Disney’s latest live-action film, “Oz The Great and Powerful,” is neither great, nor powerful.
The film is visually stunning, but that’s the only strong pull keeping the audience invested until the end. The acting is mediocre and the story ends with a morally ambiguous message.
James Franco does the best acting job of the main cast. His jokes are well delivered, often sarcastic, but never over the top. He is convincing as the womanizing conman Oz because he doesn’t show much emotion beyond a flirtatious smile or vague surprise when a woman is scorned or her angry bodybuilding boyfriend comes back for revenge.
James Franco in “Oz: The Great And Powerful.” (Courtesy of Disney)
The three witches, however, are a different story when it comes to acting. Mila Kunis is introduced to Oz with an almost-believable naiveté as the never-before loved Theodora. When she finds out that she is just another prospect for Oz, she lets her temper take over her soul and becomes how we better know her, the Wicked Witch of the West. That is when all hope for Kunis’ acting is dashed. Kunis’ character, Jackie, in “That ‘70s Show” had the right amount of evil for Kunis to play. She was conniving, but never irate. The Wicked Witch of the West, however, is an angry woman prone to rage tantrums and Kunis doesn’t bring the wrath out in her character. Instead, she just seems like an annoying, disgruntled green woman who can’t talk any other way but through her teeth.
Rachel Weisz, who plays Theodora’s more evil sister, Evanora, the Wicked Witch of the East, is even more disappointing at being evil than Kunis. Even when the dialogue between other characters describes Weisz as cruel and manipulative, her acting isn’t convincing. It is possible that Weisz was trying to be subtle about her evilness, after all, the story notes that Evanora had the people of Oz convinced for years that Glinda was, in fact, the evil one. However, I think Weisz isn’t suited to play the second-most evil character in “Oz,” given her more emotional, dramatic resume.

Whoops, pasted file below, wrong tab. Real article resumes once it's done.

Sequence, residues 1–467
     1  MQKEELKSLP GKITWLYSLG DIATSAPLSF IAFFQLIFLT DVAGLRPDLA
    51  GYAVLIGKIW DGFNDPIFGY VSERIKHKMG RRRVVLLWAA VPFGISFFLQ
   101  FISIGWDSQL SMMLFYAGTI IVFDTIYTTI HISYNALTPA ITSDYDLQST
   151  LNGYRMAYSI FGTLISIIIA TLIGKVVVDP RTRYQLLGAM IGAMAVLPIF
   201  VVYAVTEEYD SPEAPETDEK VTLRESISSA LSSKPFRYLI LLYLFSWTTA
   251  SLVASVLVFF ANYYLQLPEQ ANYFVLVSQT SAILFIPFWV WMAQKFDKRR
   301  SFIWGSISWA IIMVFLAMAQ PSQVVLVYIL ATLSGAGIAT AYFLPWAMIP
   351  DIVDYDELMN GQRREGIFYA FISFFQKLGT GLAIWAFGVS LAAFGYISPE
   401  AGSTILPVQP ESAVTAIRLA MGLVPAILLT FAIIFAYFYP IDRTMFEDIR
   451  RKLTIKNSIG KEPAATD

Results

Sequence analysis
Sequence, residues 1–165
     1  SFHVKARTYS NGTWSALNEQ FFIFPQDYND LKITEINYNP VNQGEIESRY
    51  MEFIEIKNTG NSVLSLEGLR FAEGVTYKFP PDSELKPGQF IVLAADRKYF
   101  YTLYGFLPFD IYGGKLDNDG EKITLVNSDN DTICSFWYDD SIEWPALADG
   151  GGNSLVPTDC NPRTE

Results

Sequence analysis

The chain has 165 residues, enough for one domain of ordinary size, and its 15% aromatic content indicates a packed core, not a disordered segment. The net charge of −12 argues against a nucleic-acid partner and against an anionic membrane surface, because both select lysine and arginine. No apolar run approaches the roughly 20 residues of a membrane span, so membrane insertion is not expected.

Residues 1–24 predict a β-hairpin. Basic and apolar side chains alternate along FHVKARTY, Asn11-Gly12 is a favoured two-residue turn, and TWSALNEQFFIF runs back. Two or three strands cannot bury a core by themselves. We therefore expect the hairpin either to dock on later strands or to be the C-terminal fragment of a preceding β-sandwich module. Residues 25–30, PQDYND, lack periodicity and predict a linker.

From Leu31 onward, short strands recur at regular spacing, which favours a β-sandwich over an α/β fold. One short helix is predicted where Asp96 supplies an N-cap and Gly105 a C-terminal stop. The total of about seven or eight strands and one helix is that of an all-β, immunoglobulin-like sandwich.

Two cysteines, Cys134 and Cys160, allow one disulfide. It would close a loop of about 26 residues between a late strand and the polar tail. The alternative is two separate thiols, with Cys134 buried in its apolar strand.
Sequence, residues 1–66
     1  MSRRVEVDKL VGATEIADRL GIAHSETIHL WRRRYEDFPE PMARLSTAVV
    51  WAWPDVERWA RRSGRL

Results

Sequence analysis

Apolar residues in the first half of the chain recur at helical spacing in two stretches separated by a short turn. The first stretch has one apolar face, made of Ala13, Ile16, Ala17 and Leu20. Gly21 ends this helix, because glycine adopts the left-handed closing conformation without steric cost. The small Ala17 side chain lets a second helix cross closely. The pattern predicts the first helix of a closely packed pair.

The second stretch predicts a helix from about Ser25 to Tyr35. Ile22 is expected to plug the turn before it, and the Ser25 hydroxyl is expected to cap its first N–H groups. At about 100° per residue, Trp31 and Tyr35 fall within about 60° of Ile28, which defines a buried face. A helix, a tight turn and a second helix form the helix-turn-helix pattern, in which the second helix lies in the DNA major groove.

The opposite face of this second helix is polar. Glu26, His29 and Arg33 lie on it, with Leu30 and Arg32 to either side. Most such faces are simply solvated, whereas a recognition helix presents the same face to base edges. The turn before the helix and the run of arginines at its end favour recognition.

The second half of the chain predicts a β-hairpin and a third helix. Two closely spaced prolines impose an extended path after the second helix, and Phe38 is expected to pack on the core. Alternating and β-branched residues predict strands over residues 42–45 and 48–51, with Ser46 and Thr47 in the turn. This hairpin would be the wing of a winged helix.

Michelle Williams, who plays both Oz’s love interest in Kansas and Glinda the Good Witch, does a more acceptable acting job than her supposedly evil counterparts. She doesn’t even have to play the character, it seems, because it comes across naturally. The downside of Williams’ sweet nature is that in the scenes where she should be acting terrified, surprised or even angry, like in the final moments in the film, she can’t convey any emotion other than sweetness or happiness.
The main cast may have underacted, but the supporting cast carries the film with comic relief. Zach Braff as Oz’s flying-monkey assistant, Finley, is snarky and sarcastic, but cute and endearing at the same time. The China Girl, played by Joey King, is innocent with an attitude. Her snappy retorts to the Wizard elicited the most laughs of any joke in the movie.
The story is weak for a Disney film, though character development is relatively strong despite the lack of support from the acting. Every plot twist is more predictable than would be expected of a prequel, considering we already know what happens years down the road when Dorothy comes along. I don’t want to spoil the movie, but I will say that the ending conveyed that violence is bad, though lying and manipulation on the behalf of good can triumph over evil. But isn’t lying evil itself? This moral ambiguity isn’t the type of message that the audience should be getting from Disney.
The best part of the movie was the visual effects. Disney has enough money for the audience to expect greatness out of its computer animators, but “Oz” went beyond expectations. Fantastical scenes like a forest of emerald crystals, a lake with giant flowers growing out of it and a city made of porcelain tea sets looked like they were shot on location rather than in a studio. The effects are absolutely worth the extra money for 3D, and you will probably never hear me say that again. I couldn’t say that for “Avatar.”
The effects are so good, however, it seems Disney paid for them in acting and story.
Contact CU Independent News Budget Editor Avalon Jacka at Avalon.email@example.com.
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